JP de Ru doesn’t have an average job. He regularly spends weeks camping in the rain forests of the Democratic Republic of Congo, and often has to tackle some of the worst roads in Africa. And, every once in a while, he has a run-in with the local wildlife – for instance, a snake that attacked him from above, or an elephant with a penchant for tipping over bakkies
While sitting in his bakkie somewhere in Zambia, JP de Ru thought he saw something drop from a tree onto the back of the vehicle. He wasn’t sure, but thought it might have been a snake. At that very moment, a colleague walked up, intending to toss some equipment into the load bay.
“Stop,” JP shouted. “I think there’s a snake in the back.”
At first his colleague laughed, thinking JP was joking, but from alarmed look on JP’s face, he realised things were serious.
The two men approached the rear of the vehicle very, very carefully.
“Eventually we spotted it,” says JP. “It was a green mamba.
“We dropped the tailgate and drove as fast as we could, hoping it would slide off, but it wouldn’t budge. Eventually we managed to get it out with a stick.”
Snakes are a big problem in JP’s line of work. “There are loads of snakes around, especially in the DRC. You have to be very careful, since the snakes often come into camp in search of warmth.”
The local wild animals are generally a cause for concern. “We’re constantly on the lookout for things such as lions and elephants,” says JP. “The elephants in Kafue, Zambia, are particularly dangerous. They love to tip over bakkies and cause mayhem. There’s one elephant – the locals call him One Tusk – that goes out of its way to hassle people. He hides behind those large anthills you find in Zambia, and then charges at people who pass by.”
The sort of things that JP deals with during his average day seem almost absurd to people who spend most of their working days in an office.
So what exactly does he do for a living? JP is a mineral mud engineer. Any idea what that is? Don’t feel bad if you’ve never heard of such a job – there aren’t many mud engineers around.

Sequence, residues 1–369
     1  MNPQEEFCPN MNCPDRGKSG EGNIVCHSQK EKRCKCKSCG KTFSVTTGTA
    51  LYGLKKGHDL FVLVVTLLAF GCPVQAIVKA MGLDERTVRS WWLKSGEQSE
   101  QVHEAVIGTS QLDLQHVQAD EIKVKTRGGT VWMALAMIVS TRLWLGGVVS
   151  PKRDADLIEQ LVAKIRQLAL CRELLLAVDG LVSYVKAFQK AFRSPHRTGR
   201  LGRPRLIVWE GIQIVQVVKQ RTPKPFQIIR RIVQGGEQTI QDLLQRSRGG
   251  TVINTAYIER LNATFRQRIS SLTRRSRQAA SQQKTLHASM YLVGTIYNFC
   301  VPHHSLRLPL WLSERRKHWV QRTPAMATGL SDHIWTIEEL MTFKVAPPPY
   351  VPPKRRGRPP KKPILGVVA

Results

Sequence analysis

“As far as I know, there are only four fully qualified mineral mud engineers working in Africa at the moment,” says JP.
What does a mineral mud engineer do?
“It’s tricky to give a precise description, but a mud engineer is basically in charge of designing a water-based drilling fluid system that circulates in the drill rig during mining in order to ensure 100% core recovery.”
JP is involved in the early stages of a mining operation when companies are still searching for viable areas. This could be as much as a decade before the real mining begins. JP doesn’t work on large, established mines. Rather, along with just a handful of other engineers and experts, he heads into wild regions where there is often no infrastructure.
Usually driving Land Cruisers, they traverse some of the worst roads in Africa. And when the roads run out, as they often do in the jungles of the DRC, they have to use helicopters to take them farther.
Accommodation is predictably basic and bleak. They often have to spend weeks in the middle of nowhere, in tents.
“It can be pretty scary at times,” says JP. “As I mentioned, snakes come into the camps. Also, the jungles are so dense that you can easily lose your way. Wandering away from camp on your own is a very bad idea.”
JP spends most of his time in the Copper Belt – a mineral-rich stretch of land that cuts through Zambia and the DRC. In Zambia, the wildlife tends to be the main cause for concern. In the DRC, however, it’s the political turmoil that poses the biggest threat.
“A trip to the DRC in 2011 was one of the scariest experiences of my life,” says JP. “We were in the east of the country, near Goma in North Kivu. It was an area with lots of rebel activity. In fact, we were in the middle of the mountainous region where the rebels were holed up.
“At one stage we were stopped by the UN, and told that mortars were being fired over the main road. We had to spend the night at a Catholic mission.
“To complicate matters, the roads in the area were among the worst in the country. At one stage, it took us about four hours to travel 300m.”
One day a vehicle being driven by a local business associate broke down on this stretch of road, forcing them to linger in an area crawling with trigger-happy soldiers.
“That part of the country really is haunting,” says JP. “Just about every village in the area was wiped out by rebels a couple of years ago. They stormed into the villages, killing men, women and children, and literally reducing populations to zero.
“We were in one of these villages one day, when a young child approached us with a note. It was from a rebel group, and simply stated that we should leave as quickly as possible. We didn’t need to be told twice!”
Of course, things don’t often get as desperate as that. Usually, the job is challenging yet rewarding.
“Working in Zambia and Tanzania is always an awesome experience. The people are wonderful – so kind and generous,” says JP.
If you enjoy solving engineering puzzles, spending time outdoors and driving on difficult roads, the job of a mud engineer might just be your perfect calling. Just don’t apply if you’re afraid of snakes!